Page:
the longer the TSA7887 remains in a powered-down
state.
For example, consider the following TSA7887
application configuration: (a) the ADC is powered
from VDD = 5V and is configured for PM Mode 3
(that is, [PM1, PM0] = [1,0], where the ADC’s
internal reference is enabled and the ADC
automatically powers down after the conversion is
completed); and (b) the ADC operates at a
throughput rate of 10 ksps with a 2-MHz SCLK.
Given the above configuration, the TSA7887’s
power consumption during normal operation is
3.5mW at VDD = 5 V (0.7mA x 5V). Since its power-
up delay time is 5s and its conversion-plus-
acquisition time is ~7.75s (t
CONVERT
+ t
ACQ
= 14.5 x
t
SCLK
+ 1.5 x t
SCLK
= 15.5 x t
SCLK
), the TSA7887
consumes 3.5mW for 12.75s during each
conversion cycle. Since the conversion cycle time
(100s) is the reciprocal of the ADC’s throughput
rate (10ksps), the average power consumed by the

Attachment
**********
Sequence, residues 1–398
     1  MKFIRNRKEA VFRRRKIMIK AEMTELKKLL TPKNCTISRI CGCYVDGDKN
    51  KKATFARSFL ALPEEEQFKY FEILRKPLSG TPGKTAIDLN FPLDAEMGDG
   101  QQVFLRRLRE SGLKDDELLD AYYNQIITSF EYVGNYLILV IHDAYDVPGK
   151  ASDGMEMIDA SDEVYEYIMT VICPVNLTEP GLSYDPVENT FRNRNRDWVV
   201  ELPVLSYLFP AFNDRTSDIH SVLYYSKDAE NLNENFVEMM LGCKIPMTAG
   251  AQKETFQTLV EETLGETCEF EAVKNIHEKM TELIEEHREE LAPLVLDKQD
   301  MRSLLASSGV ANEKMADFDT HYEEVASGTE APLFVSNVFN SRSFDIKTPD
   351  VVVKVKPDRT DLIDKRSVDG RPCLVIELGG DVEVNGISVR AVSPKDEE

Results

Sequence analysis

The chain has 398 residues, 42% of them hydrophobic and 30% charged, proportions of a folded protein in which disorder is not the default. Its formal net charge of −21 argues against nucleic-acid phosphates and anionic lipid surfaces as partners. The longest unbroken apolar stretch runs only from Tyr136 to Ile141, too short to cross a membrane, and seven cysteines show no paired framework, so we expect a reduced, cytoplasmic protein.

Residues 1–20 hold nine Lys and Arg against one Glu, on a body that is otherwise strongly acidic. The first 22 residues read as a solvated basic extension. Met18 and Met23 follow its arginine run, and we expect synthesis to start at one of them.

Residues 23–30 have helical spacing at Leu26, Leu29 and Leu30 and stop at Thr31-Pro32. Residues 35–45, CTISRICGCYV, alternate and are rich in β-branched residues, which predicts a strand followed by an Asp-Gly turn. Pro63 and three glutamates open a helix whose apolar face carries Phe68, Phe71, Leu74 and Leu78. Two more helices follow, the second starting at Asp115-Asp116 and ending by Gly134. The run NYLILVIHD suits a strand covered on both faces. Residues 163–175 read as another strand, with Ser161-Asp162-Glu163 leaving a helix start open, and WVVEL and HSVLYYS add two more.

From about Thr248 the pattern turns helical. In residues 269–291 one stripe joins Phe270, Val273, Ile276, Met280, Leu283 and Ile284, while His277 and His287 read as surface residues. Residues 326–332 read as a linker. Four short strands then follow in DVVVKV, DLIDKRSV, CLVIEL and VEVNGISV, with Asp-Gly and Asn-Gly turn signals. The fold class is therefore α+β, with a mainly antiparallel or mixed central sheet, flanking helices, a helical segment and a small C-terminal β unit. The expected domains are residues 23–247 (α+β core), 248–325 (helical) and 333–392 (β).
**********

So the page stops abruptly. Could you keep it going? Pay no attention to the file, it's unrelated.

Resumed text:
TSA7887 during each conversion cycle is
(12.75/100) × (3.5mW), or 446.25W. If the ADC’s
configuration were unchanged and, if the supply
voltage were then reduced to 3V, the power
consumed by the ADC would then be 2.1mW
(0.7mA x 3V). Since the total time required for
power-up, acquisition, and conversion remains at
12.75s, the average power consumed during each
cycle at a 10-ksps throughput rate is (12.75/100) ×
(2.1mW), or 267.75W. The TSA7887’s power
consumption vs. throughput rate when configured for
automatic shutdown post conversion and operating
on both 5V and 3V supplies is illustrated in Figure 8.
Power Management Operating Modes
Designed to provide flexible power consumption
profiles, the TSA7887 incorporates four different
operating modes to optimize the ADC’s power
consumption/throughput-rate ratio. As previously
described in Table 6, the four different modes of
operation in the TSA7887 are controlled by the PM1
and PM0 bits of the Control Register. Also
mentioned previously, the TSA7887 can be
configured as a read-only ADC by forcing an all
zeros (“0”s) condition in the control register. This can
be easily done by applying a logic LOW at all times
to the DIN pin or hard-wiring the DIN pin directly to
GND.
Power Management Mode 1 Operation:
[PM1,PM0] = [0,0]
Power Management Operating Mode 1 is used to
control the TSA7887’s power-down using the CSpin.
Whenever the CSpin is low, the TSA7887 is fully
powered up; whenever the CSpin is high, the
TSA7887 is completely powered down. When the
CS pin is toggled high-to-low, all internal circuitry